This weekend I had the pleasure of enjoying a variety of single malt Scotch from my collection, as seen on the left, with a friend after a long work week. You know it’s a good night when the Chivas 12 year blended Scotch is the one with the “most bite” of everything you’ve had. Standards were set high when you start with Royal Lachnagar Select Reserve.
As my friend and I went from one Scotch to the next discussing nuances and characteristics of each bottle’s contents, our conversation flowed from the drinks before us to fun stories with our coworkers to more serious topics and things about ourselves we rarely have a chance to discuss in the midst of a work week at the office. But there was one thing we both agreed upon in the midst of our conversation: a lot of people today don’t do conversation right.
I’ve touched upon this topic a few times in the past in various posts. In fact, I’m realizing the topics of relationship and interpersonal communication are a growing trend on this blog. The fact of the matter is still true and others are finding the same thing. Having an honest to goodness conversation where the other person actually hears what you’re saying and responds to it in a manner where you know they understood you is slowly becoming a lost skill. Instead, we have our response ready for when the other person stops talking and too frequently it’s not a response to what you just heard.
There’s always something about a good drink, especially a nice single malt Scotch, that can fuel a good time and good conversation. I look forward to more of both in the near future.
Pictured (Top: Lagavulin 16 year, Royal Lachnagar Select Reserve;Middle: Glenfiddich Cask of Dreams 2011, Glenfiddich 15 year; Bottom: Oban 14 year, MacAllan 18 year, Chivas Regal 12 year)
I find myself with what we’ll call enough spare time between face to face social interactions. That time is certainly giving me a lot of time to think (perhaps too much) and occasionally do chores. In the midst of this, the term “negative space” kept popping up in my thoughts. As defined by Wikipedia, it’s “… the space around and between the subject(s) of an image”.
While this is mainly used in the context of art, it’s still fitting for me. However, the subject of an image are life events, interactions, moments. The in-between, the downtime, the solitude is my negative space. It’s where I am able to process whatever it was I just experienced and took in. It lets me focus on those specific points and understand as much as I can about them. Too much “stuff” and it gets harder to appreciate everything I have around me. Like many art galleries, each piece needs its room to stand alone and be appreciated for what it is without being imposed on by its surrounding works.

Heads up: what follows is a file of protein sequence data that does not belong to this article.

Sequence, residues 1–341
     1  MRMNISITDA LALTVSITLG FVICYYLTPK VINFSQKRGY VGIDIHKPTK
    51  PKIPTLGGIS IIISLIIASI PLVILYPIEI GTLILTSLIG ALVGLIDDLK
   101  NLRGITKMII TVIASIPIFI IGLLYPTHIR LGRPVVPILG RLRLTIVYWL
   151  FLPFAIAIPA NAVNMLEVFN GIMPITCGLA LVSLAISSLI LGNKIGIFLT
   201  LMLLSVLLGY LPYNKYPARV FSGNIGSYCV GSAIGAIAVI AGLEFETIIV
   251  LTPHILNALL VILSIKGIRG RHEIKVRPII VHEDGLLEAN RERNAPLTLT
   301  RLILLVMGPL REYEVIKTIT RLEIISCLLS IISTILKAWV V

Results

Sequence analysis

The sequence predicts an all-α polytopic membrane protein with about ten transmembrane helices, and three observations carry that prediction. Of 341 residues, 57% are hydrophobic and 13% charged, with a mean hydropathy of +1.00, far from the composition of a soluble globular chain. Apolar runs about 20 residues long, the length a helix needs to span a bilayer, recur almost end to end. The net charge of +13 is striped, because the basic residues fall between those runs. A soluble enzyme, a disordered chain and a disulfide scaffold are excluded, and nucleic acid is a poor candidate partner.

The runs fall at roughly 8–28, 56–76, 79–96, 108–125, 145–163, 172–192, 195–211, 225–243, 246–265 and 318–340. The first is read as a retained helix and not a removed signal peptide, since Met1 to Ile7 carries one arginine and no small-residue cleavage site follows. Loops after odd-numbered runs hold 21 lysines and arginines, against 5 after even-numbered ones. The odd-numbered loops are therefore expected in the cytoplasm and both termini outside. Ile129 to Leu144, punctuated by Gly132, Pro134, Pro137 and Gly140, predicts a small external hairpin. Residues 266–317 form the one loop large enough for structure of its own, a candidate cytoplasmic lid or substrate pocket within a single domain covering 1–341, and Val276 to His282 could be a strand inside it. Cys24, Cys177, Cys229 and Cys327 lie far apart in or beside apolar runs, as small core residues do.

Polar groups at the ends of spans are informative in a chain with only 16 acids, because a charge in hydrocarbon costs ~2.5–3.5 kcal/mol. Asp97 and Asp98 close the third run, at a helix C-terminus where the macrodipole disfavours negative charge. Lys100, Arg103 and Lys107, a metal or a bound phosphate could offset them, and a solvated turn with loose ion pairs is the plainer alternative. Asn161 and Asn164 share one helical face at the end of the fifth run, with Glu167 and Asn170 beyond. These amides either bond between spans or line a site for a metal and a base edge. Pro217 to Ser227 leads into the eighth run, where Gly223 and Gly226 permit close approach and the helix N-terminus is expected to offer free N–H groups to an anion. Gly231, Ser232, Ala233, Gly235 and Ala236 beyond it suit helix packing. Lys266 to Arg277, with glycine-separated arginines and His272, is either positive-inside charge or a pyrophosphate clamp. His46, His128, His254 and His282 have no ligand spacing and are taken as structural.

Yet all that space in between is anything but empty. The Japanese term “Ma” also fits in that its an “…experiential place understood with emphasis on interval”. It gives proper weight to the space between and how it shapes those intervals and moments. Reminds me of an early blog post that referenced Imogen Heap’s song “Wait it Out” that says “But what of the wretched hollow, the endless in between?Are we just going to wait it out?” Perhaps it isn’t about waiting it out, but about leaving time to be formed and changed.
It’s a continuous challenge to not overbook myself and to also not take the negative space between moments for granted. They have their purpose, too. Let’s just hope that it is being put to good use.
I was rereading the chapter “When Collaboration Kills Creativity” in Quiet by Susan Cain and I wondered what readers thought their preferred work environment is. The chapter focuses on ideas like brainstorming sessions and open concept offices (don’t get me started on open concept and entertaining again) and their impact on our productivity. The fact is private space to work is beneficial to just about everybody, introverts and extroverts alike, regardless of our occupations.
Lately, I’ve been finding enjoyment to get out of the house and find a new space to read, write, etc. I oftentimes still plug in my headphones and isolate myself from the audible distractions around me, but the separation from home is quite helpful in clearing my head lately. I don’t have dishes calling my name from the kitchen or a comfy couch begging me to lay down to take a nap on. But perhaps most importantly, no TV or movies to suck away my time.
Even though I have had my own office at work for some years, for which I am grateful, there is still something about that time at the end of the day when just about everyone else has gone home and I’m finally able to spend time focusing on my tasks I’m truly productive. While I truly enjoy interacting with my coworkers, that space where I know I won’t be bothered is incredibly freeing. It’s that similar setting a coffee shop somehow provides for me by being away from home. I noticed this as well when I traveled on sabbatical last fall. Knowing you’re in a space that you won’t be intentionally interrupted gives the mind room to dive into subject matter it normally cannot properly give attention to.
Where do you go to be your most productive? Where do you do your best thinking? Share in the comments below!